Ten “Chicago” Songs


This time I’m not talking about the band, but the city itself.

chicago flag
Source: UnderConsideration.com

It’s where I grew up, and I have fond memories of the place it was until Mary and I packed up our things and the cats and moved south. It’s changed a lot, in some ways for the better, in other ways… no so much. But, anyway, here are ten songs about my hometown, gathered into a playlist for your convenience.

  1. Chicago (That Toddlin’ Town) – Quintette du Hot Club de France: Winner of a recent Battle of the Bands here.
  2. Sidewalks of Chicago – Merle Haggard: Had never heard this song before today, but I gave it a listen, and decided it would be wrong not to include it.
  3. Chicago Style – Rosemary Clooney and Bing Crosby: Another new-to-me song, but hey… Rosemary Clooney and Bing Crosby, and some great Chicago-style jazz (some would say Dixieland) backing them up.
  4. My Kind of Town (Chicago Is) – Frank Sinatra: The definitive version of this classic, from the movie Robin and the Seven Hoods.
  5. The Night Chicago Died – Paper Lace: The first time I heard this, I was practically yelling at the radio, “The east side of Chicago is Lake Michigan!” There is an east side of the city, as it turns out, the section by the Indiana border, but something tells me that wasn’t what they were thinking when they wrote the song.
  6. Take Me Back To Chicago – Chicago: Chicago XI, from whence this comes, was released not long before Terry Kath killed himself, and the whole album is kind of a downer, as if they already knew what was about to happen.
  7. Born in Chicago – The Butterfield Blues Band: From their first album fifty years ago. Written by Nick Gravenites, later the singer with The Electric Flag, which included Mike Bloomfield and Buddy Miles.
  8. Chicago (We Can Change The World) – Crosby Stills, Nash, and Young: A protest song written in memory of the 1968 Democratic National Convention and all the riots.
  9. Jesus Just Left Chicago – ZZ Top: Some slow Chicago-style blues from three guys from Texas.
  10. Sweet Home Chicago – Buddy Guy and friends: Buddy is joined by Eric Clapton, Johnny Winter, Robert Cray, and Hubert Sumlin, Howlin’ Wolf’s guitar player for many years. Everybody gets a solo!

There are plenty more songs about Chicago, as you can see from this list. Hopefully I’ve added your favorites, but again, this is a playlist; if you don’t see your faves, leave me a comment and I’ll add them.

That’s your Thursday Ten for October 29, 2015.

14 thoughts on “Ten “Chicago” Songs

  1. Hi John!

    Bad Bad Leroy Brown seems like a shoo-in about Chicago, but you wanted songs with Chicago in the title, yes?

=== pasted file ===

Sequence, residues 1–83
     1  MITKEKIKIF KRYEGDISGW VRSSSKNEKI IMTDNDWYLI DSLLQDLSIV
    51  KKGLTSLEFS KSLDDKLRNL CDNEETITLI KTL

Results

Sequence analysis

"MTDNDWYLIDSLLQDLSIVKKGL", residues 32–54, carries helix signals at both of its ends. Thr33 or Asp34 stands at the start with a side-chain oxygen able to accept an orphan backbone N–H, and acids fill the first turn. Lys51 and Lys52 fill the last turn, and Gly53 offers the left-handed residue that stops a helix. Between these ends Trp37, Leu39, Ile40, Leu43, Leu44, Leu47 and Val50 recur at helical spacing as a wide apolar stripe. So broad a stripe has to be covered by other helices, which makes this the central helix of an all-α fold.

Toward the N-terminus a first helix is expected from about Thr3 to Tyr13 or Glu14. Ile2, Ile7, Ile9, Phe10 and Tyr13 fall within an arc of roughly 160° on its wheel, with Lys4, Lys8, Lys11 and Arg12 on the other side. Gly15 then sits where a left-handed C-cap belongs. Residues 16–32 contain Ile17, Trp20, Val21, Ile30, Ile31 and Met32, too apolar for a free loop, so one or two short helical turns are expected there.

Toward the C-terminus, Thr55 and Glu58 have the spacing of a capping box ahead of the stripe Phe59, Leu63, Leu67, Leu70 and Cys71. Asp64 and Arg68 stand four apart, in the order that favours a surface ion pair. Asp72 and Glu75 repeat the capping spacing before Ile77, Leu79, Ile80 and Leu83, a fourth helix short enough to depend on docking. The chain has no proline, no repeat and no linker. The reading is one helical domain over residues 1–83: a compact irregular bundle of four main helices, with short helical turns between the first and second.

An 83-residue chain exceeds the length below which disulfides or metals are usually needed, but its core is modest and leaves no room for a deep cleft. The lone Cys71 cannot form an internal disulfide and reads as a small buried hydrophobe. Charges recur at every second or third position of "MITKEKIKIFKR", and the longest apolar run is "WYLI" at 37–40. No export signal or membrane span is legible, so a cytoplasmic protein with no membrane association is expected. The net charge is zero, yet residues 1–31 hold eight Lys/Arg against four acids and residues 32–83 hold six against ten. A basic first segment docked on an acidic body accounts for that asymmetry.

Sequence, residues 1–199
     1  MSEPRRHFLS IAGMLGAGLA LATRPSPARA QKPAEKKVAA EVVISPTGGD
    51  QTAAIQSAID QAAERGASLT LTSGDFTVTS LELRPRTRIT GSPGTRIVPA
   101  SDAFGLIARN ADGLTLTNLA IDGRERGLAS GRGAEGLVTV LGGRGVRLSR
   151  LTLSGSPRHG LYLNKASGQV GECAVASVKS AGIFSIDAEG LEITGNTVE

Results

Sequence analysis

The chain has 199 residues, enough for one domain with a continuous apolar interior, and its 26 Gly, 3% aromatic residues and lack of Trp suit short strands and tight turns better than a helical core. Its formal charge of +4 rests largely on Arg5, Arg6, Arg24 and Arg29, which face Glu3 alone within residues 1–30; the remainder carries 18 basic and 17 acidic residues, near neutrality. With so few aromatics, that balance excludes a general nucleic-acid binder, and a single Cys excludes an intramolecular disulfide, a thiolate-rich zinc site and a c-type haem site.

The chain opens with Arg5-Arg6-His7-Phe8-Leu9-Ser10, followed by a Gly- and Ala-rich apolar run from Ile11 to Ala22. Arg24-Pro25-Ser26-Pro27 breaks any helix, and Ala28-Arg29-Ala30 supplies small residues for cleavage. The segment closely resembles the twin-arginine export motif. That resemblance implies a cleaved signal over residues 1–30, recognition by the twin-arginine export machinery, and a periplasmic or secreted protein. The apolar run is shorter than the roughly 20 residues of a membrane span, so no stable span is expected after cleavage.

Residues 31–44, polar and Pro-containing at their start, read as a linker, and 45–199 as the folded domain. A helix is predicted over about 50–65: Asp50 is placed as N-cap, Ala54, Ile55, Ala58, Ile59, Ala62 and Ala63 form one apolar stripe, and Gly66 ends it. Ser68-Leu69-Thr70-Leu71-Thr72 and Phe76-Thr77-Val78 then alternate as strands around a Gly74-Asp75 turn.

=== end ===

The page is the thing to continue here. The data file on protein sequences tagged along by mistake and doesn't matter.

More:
I always wondered about that Paper Late song. I just checked Wikipedia and discovered that the band had never BEEN to Chicago when they wrote it, and that they based it on old gangster films. The other, more interesting thing I discovered is that there are several Spanish-language covers, from a Venezuelan woman (Mirla Castellanos) and three or four Mexican bands. All of which sound very different from the one we know!
    (As you know, John, I collect non-English covers of various popular songs, so this was a slam dunk for me, as I could get two versions!)


  2. I like numbers 1, 3, and 4. I’ve always liked The Night Chicago Died. I also love the blues sound of Jesus just left Chicago. ZZ Top’s more bluesy songs are among my favorites. And on Sweet Home Chicago…I don’t know how you can get better than a group of pure talent like that. I’ve seen both Johnny Winter and Robert Cray in concert.


    1. Didn’t much care for Merle Haggard, huh? XD

      Back when I was in college, Buddy Guy and Junior Wells had a band together, and a bunch of us went to hear them. After Buddy played a few songs, he called Junior up to the stage. Junior was three sheets to the wind and started rambling, so I ran to the restroom. I was standing at one of the urinals dealing with matters, and who walks in and stands at the urinal next to me but Buddy Guy? We got to laughing about Junior, although you could tell he was ready to wring his partner’s neck…


    1. I think Terry Kath’s death and the advent of MTV really affected them in a bad way. Terry was really the soul of that band, and Pete Cetera becoming the focal point because he was the best-looking for the videos (which he didn’t especially like and led to his departure) hurt the unity they had. They got back to it with the unreleased “Stone of Sisyphus” album, but Warner Brothers didn’t want to release it because it was so different from what was selling, so they abandoned the project. I used to have a copy of the mp3 files (I deleted them because of space restrictions at the time), and it was a return to the jazzier sound they showed on Chicago VII. I’ll have to see if I can find the torrent again.

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      1. How sad, the demise of a band when one of the core members die. Seems like so many that has happened to. Winds of change…


        1. Chicago is still around, of course, almost 38 years after Terry’s death (he died the week I got married), but nothing like they were when he, Pete Cetera (who left in ’85 when his solo career took off) and Danny Seraphine (fired in ’90) were with them. You take any band and change out their entire rhythm section, things are bound to be different.


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